In other words, most of the pitchers who you think are first-rate closers are not really that good. And most teams probably have 2-3 guys in the bullpen, other than the designated closer, who could serve equally well in the closing role -- they just don't get the opportunity to put together closing stats. This being true, the closing role could, and probably should, return to what it was before the early 1980s -- just another relief situation where a manager could plug in the guy who seems right for the job in that situation on that day.


The sweetness of life

Yesterday as B and I went for a lengthy walk around the neighborhood on a beautiful spring day, I stepped into a small gardening excavation at the edge of the sidewalk and turned my ankle.

B, a believer in the healing powers of liniment, kept hocking me to put some on "as soon as we get home." Finally, my will to resist was overborne:
"Alright, already! I'll put a little liniment on it!"
That's the sentence that formed in my mind, but it came out somewhat garbled.

Why don't you try it? I'll put a little liniment on it! Three times fast.

Isn't life wonderful? It deals you a sprained ankle, but then turns right around and provides you with a previously-unknown tongue-twister that you can use to surprise and delight your friends!

At this rate of exchange, I'll be dead in less than 20 years.

Saturday, April 28, 2007


Existential Friday on Saturday: being who you are

How many of us would like being Bob Dylan? Or Michael Douglas? Okay, maybe not them now, but when they were young and hot.

The irony is that Bob Dylan and Michael Douglas want to be someone else. Check out the video for Things Have Changed, the Dylan's Oscar-winning theme song for the film The Wonder Boys, one of my favorite movies of all time.

In it, Dylan plays out (again) his fantasy of being a movie actor, and I think Douglas at least hints of playing out a fantasy of being a rock star.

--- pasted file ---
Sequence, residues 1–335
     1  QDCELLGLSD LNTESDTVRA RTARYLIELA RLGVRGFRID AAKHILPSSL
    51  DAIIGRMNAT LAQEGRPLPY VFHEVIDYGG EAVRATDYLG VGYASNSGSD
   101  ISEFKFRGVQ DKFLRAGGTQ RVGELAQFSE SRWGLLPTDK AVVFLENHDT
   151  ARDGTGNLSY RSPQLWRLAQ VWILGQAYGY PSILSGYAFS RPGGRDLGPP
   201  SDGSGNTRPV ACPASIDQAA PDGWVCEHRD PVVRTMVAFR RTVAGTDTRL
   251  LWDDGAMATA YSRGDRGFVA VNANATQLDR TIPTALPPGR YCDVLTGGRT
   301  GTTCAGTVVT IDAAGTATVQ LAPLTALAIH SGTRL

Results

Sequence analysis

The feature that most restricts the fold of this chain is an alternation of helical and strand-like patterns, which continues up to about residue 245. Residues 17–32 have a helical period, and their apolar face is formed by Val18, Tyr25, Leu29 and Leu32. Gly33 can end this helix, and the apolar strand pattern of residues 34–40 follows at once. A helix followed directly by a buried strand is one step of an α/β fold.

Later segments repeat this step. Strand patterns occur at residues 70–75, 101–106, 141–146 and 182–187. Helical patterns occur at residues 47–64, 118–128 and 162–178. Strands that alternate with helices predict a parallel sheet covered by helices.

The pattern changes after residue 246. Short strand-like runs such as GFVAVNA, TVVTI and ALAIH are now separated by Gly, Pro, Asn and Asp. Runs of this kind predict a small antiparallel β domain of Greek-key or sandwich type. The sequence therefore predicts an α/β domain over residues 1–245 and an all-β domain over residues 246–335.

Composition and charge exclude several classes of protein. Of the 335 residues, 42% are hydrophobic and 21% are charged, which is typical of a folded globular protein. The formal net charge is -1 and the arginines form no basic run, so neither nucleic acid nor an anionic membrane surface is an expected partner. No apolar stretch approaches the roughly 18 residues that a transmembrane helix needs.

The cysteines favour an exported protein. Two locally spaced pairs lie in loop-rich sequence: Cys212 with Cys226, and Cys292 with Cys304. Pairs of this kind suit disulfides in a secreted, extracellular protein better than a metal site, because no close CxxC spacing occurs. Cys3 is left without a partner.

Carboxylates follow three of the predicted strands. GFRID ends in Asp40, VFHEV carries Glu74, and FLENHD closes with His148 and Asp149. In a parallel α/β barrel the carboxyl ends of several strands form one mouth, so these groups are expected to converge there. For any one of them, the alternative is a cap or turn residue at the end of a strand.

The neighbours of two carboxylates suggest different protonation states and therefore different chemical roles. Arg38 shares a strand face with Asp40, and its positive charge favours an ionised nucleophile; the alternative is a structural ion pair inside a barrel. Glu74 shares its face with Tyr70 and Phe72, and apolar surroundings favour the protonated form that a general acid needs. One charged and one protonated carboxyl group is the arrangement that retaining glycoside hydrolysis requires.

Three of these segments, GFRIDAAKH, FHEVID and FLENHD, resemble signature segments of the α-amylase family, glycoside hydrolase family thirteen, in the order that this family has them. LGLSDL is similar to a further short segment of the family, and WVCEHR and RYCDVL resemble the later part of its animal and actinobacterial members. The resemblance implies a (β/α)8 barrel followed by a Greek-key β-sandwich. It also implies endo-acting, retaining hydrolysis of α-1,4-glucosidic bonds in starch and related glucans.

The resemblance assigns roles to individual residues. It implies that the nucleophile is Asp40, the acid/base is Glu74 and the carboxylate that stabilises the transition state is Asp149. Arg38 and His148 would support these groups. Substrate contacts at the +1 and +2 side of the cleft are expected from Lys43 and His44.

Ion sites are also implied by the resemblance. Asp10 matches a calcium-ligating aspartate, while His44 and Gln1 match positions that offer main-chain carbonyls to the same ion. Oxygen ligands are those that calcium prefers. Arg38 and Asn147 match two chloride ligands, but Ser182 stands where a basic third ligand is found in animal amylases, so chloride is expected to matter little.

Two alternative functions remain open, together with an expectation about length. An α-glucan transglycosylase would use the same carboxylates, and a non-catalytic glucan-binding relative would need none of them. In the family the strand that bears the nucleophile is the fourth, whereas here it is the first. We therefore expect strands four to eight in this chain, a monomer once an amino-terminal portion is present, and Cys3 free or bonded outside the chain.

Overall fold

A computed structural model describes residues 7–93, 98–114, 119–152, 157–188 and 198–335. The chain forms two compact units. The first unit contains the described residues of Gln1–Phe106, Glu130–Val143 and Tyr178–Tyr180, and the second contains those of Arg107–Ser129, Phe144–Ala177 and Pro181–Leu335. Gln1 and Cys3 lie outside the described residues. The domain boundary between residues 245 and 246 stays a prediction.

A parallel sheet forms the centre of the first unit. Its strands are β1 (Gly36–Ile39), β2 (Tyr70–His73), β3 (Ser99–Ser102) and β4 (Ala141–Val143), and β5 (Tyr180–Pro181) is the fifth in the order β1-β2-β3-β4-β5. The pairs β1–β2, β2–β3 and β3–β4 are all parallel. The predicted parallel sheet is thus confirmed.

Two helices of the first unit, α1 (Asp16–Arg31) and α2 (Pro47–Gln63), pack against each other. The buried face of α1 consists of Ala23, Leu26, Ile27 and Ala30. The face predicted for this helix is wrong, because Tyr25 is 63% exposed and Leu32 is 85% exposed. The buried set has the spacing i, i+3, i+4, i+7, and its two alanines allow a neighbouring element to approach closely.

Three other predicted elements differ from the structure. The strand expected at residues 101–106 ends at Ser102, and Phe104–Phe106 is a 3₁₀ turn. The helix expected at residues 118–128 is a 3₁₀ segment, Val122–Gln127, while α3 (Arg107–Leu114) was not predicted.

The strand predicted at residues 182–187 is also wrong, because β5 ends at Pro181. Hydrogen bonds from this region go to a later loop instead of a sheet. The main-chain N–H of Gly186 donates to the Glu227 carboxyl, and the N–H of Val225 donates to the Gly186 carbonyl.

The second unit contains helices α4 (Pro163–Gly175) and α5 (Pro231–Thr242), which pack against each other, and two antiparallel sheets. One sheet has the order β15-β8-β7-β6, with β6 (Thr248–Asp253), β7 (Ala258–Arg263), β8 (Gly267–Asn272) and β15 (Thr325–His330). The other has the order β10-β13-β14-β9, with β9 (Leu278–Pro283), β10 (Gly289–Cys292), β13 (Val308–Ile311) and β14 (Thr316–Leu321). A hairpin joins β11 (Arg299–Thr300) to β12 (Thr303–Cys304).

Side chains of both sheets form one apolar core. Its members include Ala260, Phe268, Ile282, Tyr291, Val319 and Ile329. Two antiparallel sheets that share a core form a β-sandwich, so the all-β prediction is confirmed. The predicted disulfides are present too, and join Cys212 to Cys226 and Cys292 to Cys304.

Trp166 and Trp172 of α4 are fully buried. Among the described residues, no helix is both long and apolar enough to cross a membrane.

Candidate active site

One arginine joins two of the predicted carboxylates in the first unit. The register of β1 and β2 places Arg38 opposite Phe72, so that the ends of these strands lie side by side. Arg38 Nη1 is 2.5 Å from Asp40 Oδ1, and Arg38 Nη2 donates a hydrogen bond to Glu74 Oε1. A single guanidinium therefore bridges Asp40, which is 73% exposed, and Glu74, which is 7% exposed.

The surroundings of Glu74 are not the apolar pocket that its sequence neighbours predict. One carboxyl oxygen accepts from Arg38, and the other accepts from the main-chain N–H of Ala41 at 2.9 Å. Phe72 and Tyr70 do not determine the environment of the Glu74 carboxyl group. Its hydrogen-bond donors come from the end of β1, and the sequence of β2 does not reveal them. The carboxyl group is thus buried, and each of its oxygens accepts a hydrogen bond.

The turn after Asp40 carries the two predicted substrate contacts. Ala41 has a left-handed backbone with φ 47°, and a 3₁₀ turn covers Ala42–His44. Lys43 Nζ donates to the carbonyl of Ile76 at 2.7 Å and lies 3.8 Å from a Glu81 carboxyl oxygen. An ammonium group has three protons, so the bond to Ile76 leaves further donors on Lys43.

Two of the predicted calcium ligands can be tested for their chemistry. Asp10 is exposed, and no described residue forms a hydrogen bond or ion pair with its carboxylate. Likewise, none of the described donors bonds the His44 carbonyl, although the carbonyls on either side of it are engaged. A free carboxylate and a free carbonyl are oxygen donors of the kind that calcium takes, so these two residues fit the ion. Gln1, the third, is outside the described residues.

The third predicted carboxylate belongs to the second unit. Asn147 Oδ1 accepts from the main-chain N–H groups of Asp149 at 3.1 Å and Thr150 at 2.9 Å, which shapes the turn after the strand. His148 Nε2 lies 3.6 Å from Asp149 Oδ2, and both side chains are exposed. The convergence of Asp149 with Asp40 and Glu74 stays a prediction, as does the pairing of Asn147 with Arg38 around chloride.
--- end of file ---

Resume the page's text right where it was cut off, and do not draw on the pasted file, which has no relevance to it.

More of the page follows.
Existential Friday on Saturday: what are we going to die of?

B has a new Apple laptop which indicates that there are 13 wireless internet networks whose signals are reaching us as we sip coffee at Grandma Moses, our favorite coffee house.

We don't subscribe to any wireless networks at home. Our reasoning? Crazy enough as it now sounds, it was because we didn't want to have wireless signals bombarding our house. Of course, now we receive about 7 different wireless network signals at home.

Maybe all these signals are perfectly benign. It's interesting how our society rushes headlong into new technologies always giving them the benefit of the doubt that they are safe and not cancer-producing. And now, of course, we all wonder how we could possibly have lived our lives in the past without constant and ubiquitous mobile internet access.

And what if they wireless signals turn out to be a health hazard?

Friday, April 27, 2007


Where do I start?

There is nothing unusual or surprising about this story, about 49-year old actor Alec Baldwin:
Baldwin to apologize for calling daughter a pig
Not the story itself, nor any of its details, nor the fact that it blares off the web page of CNN, nor the fact that my internet explorer homepage, the Dell default page, listed it as one of the top three stories of the morning.

Nothing in the least noteworthy. And yet I have to comment.